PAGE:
Mixing Battery Chemistry : Li-ion and Li-po


I have about fifty brand new li-ion cells (18650 format) in my lab and I am tempted to build another battery pack for my bike .

The cells in question are 25 pieces of LG ICR18650C2 ( 2800mAh) and 25 pieces of Panasonic NCR18650B (3400 mAh) . 50 cells are not enough to make a battery composed of 20 cells in series , because of the low discharge capacity ( C rating). To buy more cells would be the easiest solution , but considering shipping , customs and cost of the cells (at least 2-3 dollars per cell with a minimum order of 100 pieces) is not a cheap solution.

Looking on the net, a well-known seller of RC toys and products ( HK) has very affordable prices for lithium- polymer cells. There is also a warehouse in North America and the shipping is not that expensive compared to the li-ion 18650 cells.

So I decided to mix the two different battery chemistry’s , Li-ion and  Lipo to get a battery with adequate capacity ( about 8- 10Ah is what I aspire to ) and discrete C -rating. On average I use between 4A and 10A on my bike on a level surface , with peaks of 35A (rare) when I am in a hurry.

I could not find any feedback on the feasibility and the behavior of the cells, so I decided to do some testing on my own.

The two types of cells have the same charge voltage ( 4.2v , 4.1V if you want to conserve battery life, prolonging the useful life cycles ), but different levels of low voltage , Lipo does not like to be discharged under 3.4v ( under load) , while with the li-ion can reach 2.5v ( under load) .

I have done several tests and the LVC mixing the two cells  (li-ion  and lipo connected in parallel) seems to be 3.0v . This way, at the end of the discharge LiPo cells are still cold woth no signs of “stress” , while the li- ion batteries are hot as usual , a typical behavior of this chemistry.

How  the tests were performed.

Cells used :

– Ah Turnigy 5.0 20C ( Lipo )
– LG ICR18650C2 ( 2800mAh)
– Panasonic NCR18650B (3400 mAh)

The cells were charged all at the same voltage and then connected in parallel . This way I obtained an 11.2Ah nominal battery . Then the battery was subjected to a discharge test using the CBA4 battery analyzer .
The discharge tests were performed at 5A, 10A and 15A continuous , stopping the discharge at 3.0v .

The tests compare two kind of batteries:

  • “Mixed” Li-ion +  Lipo battery which is 11.2Ah nominal.


  • “Pure” Li-ion battery which is 11.4Ah nominal.


Here are the results :

Let us look at the behavior of a battery composed of only 18650 cells with similar capacity (11.4 Ah nominal vs 11.2 Ah  nominal), discharged at the same current with the cutoff at 2.5v :

Now, we directly compare the test results of mixed cell with the “pure” li-ion cell of similar capacity.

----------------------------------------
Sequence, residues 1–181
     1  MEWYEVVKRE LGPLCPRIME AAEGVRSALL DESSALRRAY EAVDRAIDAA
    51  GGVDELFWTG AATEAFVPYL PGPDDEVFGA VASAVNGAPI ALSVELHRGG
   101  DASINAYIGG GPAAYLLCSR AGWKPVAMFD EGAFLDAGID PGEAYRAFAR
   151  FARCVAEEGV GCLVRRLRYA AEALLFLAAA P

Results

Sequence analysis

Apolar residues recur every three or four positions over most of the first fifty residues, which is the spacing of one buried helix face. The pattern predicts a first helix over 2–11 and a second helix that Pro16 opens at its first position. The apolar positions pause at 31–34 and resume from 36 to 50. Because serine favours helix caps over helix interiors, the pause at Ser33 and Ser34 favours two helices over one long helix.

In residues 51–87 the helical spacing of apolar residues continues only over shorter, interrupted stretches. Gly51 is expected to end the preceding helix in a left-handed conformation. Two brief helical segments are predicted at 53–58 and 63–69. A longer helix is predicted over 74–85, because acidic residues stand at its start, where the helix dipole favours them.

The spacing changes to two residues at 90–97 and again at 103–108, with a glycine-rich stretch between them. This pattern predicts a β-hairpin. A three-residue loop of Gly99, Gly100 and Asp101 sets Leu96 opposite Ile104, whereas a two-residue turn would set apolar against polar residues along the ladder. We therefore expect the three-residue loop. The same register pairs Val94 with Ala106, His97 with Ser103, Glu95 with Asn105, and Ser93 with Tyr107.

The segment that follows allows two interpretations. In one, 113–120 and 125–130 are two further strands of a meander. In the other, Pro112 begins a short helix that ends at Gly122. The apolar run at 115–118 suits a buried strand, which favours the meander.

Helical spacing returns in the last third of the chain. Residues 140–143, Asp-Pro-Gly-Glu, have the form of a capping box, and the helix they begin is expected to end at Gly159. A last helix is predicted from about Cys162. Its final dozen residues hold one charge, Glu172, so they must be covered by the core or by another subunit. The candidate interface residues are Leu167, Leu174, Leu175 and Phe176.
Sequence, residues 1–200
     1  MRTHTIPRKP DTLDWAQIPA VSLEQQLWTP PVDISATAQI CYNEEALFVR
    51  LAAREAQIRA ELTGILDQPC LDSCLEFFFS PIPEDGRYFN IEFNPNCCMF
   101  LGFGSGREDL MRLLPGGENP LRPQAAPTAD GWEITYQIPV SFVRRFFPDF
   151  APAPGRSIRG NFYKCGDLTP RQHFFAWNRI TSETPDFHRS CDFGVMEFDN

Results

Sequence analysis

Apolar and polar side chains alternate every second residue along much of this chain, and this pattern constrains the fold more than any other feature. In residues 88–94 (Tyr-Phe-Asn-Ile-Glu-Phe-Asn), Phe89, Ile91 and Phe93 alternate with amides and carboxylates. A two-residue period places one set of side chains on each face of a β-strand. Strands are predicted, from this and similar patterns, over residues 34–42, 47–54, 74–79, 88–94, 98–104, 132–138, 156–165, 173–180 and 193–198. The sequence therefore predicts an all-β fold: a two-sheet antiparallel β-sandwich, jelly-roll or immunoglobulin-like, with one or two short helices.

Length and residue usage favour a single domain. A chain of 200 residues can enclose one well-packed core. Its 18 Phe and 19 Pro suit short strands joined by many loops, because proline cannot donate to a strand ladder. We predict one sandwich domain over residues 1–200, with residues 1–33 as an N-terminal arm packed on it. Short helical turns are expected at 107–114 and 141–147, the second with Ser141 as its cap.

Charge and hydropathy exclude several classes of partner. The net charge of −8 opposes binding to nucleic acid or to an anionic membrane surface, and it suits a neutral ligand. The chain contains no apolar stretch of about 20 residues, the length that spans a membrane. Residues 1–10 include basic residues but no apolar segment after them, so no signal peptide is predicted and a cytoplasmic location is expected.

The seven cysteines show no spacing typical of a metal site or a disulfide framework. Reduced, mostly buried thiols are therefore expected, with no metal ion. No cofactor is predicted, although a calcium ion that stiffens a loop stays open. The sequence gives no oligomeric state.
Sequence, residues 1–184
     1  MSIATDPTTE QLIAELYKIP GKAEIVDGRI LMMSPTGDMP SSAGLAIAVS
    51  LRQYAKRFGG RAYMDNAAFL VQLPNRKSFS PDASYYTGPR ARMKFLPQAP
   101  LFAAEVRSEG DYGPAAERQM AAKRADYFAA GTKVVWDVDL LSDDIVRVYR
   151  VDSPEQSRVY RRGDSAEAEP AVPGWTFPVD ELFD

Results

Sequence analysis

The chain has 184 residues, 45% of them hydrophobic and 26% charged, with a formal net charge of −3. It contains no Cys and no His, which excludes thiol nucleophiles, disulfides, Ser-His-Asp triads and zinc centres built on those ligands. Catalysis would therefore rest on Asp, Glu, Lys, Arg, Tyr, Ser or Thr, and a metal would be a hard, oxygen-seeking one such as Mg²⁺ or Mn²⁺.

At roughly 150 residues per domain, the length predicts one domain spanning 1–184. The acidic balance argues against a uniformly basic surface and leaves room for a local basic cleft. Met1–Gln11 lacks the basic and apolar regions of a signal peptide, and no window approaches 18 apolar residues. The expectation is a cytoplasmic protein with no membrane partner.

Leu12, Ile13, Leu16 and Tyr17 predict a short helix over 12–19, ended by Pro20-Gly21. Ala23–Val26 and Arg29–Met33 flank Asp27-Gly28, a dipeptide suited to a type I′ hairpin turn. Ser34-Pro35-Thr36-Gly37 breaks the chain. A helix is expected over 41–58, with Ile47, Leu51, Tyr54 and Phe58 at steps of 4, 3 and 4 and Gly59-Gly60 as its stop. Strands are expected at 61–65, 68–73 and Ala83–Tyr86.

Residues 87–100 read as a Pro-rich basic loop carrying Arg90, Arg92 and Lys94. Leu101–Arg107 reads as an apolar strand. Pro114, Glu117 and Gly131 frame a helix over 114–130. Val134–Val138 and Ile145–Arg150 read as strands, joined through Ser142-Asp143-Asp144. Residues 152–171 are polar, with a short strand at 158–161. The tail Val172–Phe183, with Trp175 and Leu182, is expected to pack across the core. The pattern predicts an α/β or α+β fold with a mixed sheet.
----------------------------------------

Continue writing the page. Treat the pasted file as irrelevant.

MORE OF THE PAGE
As can be seen from the graphs the lipo cell contribute for the most part of the graph, trying to limit the voltage sag. When they are at the end of their capacity (3:45-3.60v on the graph), you can notice a drastic drop in voltage because only cells li-ion are contributing to the load.


6 thoughts on “Mixing Battery Chemistry : Li-ion and Li-po

  1. Please, explain a bit details of your test.
    So, you tried to mix 4 li-ion 18650 cells (11,2Ah total) with 1 Li-Po 5Ah cell? Ideally you should have 16,2Ah total capacity, but as a result of test you got only from 8,7 to 10,4 Ah only? Are my assumptions correct?

      • Thank you. Now it’s clear.
        Few notes:
        1. Lower voltage limit of LG C2 is 3.0V according to spec. Dangerous to discharge it to 2.5V.
        2. Upper voltage of C2 is 4.3V
        3. Most of C2 capacity is located in 4.25 – 3.5V range. For Panasonic it is 4.15 – 2.75V I guess. So, if you would mix only C2 and LiPo then I think you could get a bit more capacity since their working range more-less similair unlike with Panasonic.

      • Hi Andriy, the problem is that lipo have different LVC than Li-ion. Li-ion also sags a lot more than lipo so it’a a tough match. The LG C2 was fine with a 2.5v discharge on my tests.Of course during normal use it’s better to stay above the LVC to preserve cycle life and avoid damage to the cells.

  2. Hello! Can you give more info on this? Have you tested these cells in real life? And what was your conclusion about mixing batteries?

    I plan on using 6s4p li ions (panasonic CG), which has about 4A discharge, so 16A total and mix them with 6s lipo, 25c (5000mah).. Still trying to collect more info on this how it should be done better, someone from another forum suggested this thing:

    ”If you do use different capacity batteries try to make sure the smaller one has a higher internal resistance.”, which kind of recommends to increase lipo capacity.. but does not work great against the availability of li ion cells.

    So yeah, if you are still on this matter, your feedback would be great!

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